You know how every year, at the Oscars, they host the Technical Awards at some crummy second rate venue in downtown LA and they get a B-list celebrity to come host it? Those people work their butts off to make the movies look good but all they get in return is some lame hotel dinner and maybe a 30 second clip shown at the Oscar telecast. Tech support never gets any love.
Sometimes I feel a little bit of similar guilt about the tech support here at pawcurious. It’s just a party of one- my husband, but he puts in a lot of time making this site work. He gamely adds buttons to sidebars and widgets to the site and takes awesome pictures of cupcakes even after he’s had a very long day and most likely would rather be reading NFL forums.
This site wouldn’t exist without him. Truly. I would have been way too daunted to set this thing up by myself. He set up the Facebook and the Twitter too, and basically forced me to utilize them. He was correct, of course, because you need those things too, but I tend to like to just stick to jabbering and pounding on the keys and let him wrestle with all that technical gobbledegook. Too much work.
That is pretty much the story of our lives, truth be told. When he met me, I was in college with no pets to speak of, wandering about aimlessly and certain I was destined to do something great but with no idea what that might be. “Maybe vet school,” I decided a year into our dating lives. “I got into Davis,” I told him. “I’m moving up there. See you in four years, hopefully.”
And he was ok with that.
A year after that, we got engaged and moved into a house so I could have pets. I promptly adopted Nuke, who is about as damaged a type of goods as one could find, then Apollo and Calypso. He was still living in San Diego in an apartment, while his fiancee was 700 miles away accruing a menagerie on his dime. He’d visit on the weekends, after taking Claritin since he was unfortunately allergic to the cats who resented his intrusion into their sleeping space so would just sleep on his face.
I’d call him regularly, half out of my mind with sleep deprivation and stress and complaining about the godawful smells we were being subjected to in anatomy lab, and he would edge himself out of his meetings and steer me back off the ledge so I could take one more day of clinical pharmacology without disintegrating. He was OK with all of that, too.
I planned a wedding in San Diego from Northern California. I had little idea what it was going to look like until I showed up. I did, however, insist on sparklers as a nod to my New England upbringing, which we had to smuggle from Chinatown down to Southern California since they are in fact illegal here. My husband met my friend Carrie at a rest stop in Fallbrook like some illicit meth dealer to get the contraband. This is the kind of stuff he does for me.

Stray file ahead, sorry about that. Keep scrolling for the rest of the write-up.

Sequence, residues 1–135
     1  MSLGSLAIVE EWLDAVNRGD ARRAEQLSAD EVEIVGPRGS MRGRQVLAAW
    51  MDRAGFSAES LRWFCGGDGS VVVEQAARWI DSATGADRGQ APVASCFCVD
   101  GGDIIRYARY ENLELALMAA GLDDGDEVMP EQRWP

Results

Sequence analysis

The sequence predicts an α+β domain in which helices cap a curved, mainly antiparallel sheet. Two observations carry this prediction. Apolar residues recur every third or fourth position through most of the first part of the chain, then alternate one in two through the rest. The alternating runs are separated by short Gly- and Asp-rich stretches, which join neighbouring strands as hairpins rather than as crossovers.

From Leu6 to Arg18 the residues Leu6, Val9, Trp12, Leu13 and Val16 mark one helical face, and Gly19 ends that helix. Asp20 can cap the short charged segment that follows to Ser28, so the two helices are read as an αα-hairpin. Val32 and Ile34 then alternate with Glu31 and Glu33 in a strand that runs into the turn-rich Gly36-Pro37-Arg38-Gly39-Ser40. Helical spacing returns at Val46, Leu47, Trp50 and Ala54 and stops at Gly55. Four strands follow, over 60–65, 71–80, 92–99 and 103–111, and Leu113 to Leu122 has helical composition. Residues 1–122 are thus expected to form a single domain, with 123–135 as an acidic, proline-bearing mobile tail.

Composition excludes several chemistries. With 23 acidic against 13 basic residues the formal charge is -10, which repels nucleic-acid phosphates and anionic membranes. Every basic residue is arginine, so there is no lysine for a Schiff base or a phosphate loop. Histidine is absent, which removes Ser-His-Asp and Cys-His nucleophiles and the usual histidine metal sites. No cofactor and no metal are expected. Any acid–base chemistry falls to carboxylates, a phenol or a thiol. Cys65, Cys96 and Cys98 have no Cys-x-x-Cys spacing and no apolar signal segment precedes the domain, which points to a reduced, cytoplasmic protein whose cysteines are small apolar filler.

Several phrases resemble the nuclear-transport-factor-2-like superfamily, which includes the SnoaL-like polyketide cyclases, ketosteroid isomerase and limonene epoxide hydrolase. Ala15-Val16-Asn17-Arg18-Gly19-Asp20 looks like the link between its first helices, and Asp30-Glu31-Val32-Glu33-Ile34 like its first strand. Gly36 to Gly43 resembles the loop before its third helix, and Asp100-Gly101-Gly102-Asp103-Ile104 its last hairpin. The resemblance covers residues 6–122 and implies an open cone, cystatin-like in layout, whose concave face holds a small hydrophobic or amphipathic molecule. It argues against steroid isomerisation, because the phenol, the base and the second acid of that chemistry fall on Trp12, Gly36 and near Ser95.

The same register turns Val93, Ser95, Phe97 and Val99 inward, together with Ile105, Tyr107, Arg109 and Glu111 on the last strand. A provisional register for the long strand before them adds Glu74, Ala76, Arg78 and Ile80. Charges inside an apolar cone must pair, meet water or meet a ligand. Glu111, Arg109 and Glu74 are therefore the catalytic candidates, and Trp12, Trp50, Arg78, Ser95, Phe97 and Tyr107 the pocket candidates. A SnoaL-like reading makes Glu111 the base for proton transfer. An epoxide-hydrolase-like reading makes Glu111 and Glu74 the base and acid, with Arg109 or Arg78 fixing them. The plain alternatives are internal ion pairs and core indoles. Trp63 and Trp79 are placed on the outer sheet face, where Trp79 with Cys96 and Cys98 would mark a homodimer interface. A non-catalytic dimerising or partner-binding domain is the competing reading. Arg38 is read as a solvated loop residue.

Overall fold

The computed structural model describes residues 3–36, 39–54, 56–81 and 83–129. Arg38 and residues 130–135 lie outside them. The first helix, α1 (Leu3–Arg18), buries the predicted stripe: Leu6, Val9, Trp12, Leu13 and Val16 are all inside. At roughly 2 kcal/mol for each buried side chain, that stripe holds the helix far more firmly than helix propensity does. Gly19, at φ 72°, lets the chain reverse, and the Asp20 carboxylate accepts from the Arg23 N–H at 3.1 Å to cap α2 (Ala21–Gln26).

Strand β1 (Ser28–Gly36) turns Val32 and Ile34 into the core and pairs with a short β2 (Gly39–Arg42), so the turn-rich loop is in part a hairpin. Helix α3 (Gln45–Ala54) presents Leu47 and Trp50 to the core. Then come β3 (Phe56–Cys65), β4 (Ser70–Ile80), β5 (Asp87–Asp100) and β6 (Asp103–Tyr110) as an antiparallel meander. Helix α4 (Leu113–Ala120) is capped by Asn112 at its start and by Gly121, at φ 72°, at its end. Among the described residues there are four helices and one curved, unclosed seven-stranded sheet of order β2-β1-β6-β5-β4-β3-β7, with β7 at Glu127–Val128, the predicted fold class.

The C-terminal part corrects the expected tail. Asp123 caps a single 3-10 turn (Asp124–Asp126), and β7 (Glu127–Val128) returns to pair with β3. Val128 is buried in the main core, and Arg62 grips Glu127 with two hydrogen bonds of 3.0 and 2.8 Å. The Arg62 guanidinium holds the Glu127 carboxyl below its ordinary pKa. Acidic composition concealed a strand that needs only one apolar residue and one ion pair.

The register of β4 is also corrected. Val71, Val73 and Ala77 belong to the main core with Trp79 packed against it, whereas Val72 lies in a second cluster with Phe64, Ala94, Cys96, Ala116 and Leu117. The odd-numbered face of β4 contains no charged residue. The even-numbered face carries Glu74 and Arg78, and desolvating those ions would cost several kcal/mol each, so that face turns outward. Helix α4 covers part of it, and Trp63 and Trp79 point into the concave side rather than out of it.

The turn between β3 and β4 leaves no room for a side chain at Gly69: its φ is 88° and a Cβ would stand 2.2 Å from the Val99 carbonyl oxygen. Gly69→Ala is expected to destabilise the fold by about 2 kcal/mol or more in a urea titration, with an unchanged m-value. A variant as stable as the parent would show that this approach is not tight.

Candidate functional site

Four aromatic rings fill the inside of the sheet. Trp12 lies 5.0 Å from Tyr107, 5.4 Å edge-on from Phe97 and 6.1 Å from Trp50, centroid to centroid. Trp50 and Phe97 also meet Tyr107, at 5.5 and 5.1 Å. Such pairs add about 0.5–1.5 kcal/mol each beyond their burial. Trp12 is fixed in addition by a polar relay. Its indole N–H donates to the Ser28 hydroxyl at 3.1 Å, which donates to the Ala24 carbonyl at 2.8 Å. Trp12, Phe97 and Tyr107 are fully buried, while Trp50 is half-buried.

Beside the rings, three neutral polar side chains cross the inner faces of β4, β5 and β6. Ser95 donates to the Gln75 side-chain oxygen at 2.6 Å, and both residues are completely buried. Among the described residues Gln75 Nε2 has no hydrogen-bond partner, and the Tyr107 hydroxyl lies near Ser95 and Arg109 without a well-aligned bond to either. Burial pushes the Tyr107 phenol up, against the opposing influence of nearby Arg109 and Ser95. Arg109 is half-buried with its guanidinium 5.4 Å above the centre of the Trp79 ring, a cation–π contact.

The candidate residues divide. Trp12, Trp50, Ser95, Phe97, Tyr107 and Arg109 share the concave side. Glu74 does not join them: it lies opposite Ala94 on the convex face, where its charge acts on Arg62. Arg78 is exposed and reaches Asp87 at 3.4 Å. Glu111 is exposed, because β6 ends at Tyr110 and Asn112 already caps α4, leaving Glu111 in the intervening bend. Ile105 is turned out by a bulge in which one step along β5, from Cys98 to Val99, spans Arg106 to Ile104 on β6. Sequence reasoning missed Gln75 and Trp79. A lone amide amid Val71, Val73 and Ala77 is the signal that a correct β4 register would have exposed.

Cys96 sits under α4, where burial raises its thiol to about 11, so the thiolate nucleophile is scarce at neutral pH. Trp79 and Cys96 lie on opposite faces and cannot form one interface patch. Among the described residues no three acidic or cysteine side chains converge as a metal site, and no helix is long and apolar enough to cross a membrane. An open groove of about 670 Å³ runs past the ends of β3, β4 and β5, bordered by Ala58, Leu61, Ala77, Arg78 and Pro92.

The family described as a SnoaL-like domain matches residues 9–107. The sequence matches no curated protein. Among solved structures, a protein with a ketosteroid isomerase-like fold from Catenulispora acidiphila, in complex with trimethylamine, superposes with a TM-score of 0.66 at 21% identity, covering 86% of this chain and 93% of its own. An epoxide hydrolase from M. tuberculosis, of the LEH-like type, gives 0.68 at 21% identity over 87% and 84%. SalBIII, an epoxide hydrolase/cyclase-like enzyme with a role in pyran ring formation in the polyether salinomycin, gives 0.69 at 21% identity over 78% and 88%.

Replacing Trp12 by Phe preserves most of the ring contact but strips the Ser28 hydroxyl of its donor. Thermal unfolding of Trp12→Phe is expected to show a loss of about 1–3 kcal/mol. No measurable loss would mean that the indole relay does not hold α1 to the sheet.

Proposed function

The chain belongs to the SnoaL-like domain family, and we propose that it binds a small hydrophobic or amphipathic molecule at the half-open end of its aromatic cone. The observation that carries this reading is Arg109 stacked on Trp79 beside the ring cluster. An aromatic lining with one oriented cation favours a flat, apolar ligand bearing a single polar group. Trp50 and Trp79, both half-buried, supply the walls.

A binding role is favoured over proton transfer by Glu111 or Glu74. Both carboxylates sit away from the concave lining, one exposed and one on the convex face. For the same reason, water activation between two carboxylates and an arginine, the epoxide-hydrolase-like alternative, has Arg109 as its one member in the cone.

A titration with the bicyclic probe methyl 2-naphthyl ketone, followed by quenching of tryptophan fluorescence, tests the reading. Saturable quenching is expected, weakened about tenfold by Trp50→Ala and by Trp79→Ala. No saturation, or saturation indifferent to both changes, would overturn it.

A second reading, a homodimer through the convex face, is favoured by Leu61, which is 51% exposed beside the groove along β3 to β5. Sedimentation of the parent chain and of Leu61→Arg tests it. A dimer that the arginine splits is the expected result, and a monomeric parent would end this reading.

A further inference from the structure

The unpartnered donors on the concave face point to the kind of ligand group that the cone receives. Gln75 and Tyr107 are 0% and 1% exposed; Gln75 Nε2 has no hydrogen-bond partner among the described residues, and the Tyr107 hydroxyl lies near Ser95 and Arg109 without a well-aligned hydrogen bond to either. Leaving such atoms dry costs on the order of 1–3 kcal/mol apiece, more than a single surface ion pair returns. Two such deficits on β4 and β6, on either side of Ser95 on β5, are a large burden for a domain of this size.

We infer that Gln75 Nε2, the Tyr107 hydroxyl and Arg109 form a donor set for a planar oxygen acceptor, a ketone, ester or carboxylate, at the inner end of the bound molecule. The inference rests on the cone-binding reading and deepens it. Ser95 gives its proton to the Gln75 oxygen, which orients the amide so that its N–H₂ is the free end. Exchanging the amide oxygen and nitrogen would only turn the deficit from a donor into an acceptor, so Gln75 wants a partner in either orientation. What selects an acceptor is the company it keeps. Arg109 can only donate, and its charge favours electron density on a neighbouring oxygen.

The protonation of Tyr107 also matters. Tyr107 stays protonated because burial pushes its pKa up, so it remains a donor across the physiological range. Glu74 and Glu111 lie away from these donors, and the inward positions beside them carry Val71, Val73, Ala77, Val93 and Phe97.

I wish I could have seen the look on the venue manager’s face when those puppies lit up, but I ran out and jumped into a getaway car before I could. We never got a bill for fire damage, so I guess it all turned out ok.
By the time I graduated vet school, we had been married a year but hadn’t actually lived in the same county, ever. That was weird. I was admittedly a little nervous that maybe he just had no idea what I was like, me with my ragtag group of animals, and when we showed up on the doorstep full time he might have a change of heart about us, but he was actually glad to have us there. Even the cats.
He still works for the same company that he was with when we started dating, while I’ve flitted from job to school to job to kids to job like Richard Simmons on a venti Americano, running and stopping and screaming and running around some more. I can’t help it. I get bored easily. I’d probably be on my fourth blog by now too if it weren’t for him.
In return for his unwavering support in whatever I choose to do in any given year, I’ve given him the unwillingness to iron a single thing, no grasp of the intricacies of football, and the steadfast assertion that it is his job to take the garbage out, even if he is 4,000 miles away on business. Oh, and one or two “Surprise!” pets when he gets home from said trip.
And he even wore this:
Only a true hero would put that thing on, on a 90 degree day, and stumble into the middle of a birthday party to make a kid smile. Or, you know, scream in abject terror- it’s hard to tell with them. Of course it was my idea. I have terrible ideas but they always seem to work out.
If he were a different sort of person, we might not be here, celebrating our tenth anniversary today. But apparently he is possessed of a great heart as well as the capacity to overlook a lot of quirks, and no one is more grateful for that than me. I’m not going to get all Bette Midler on you and warble about the wind beneath my wings or some nonsense like that, because among my many shortcomings I am also unfailingly unsentimental about anything except dogs, but yes, I picked a good one.
So thank you, tech support. You are pretty awesome. Thanks for letting me run with this whole blog thing even when it means you eat tomato soup three nights in a row.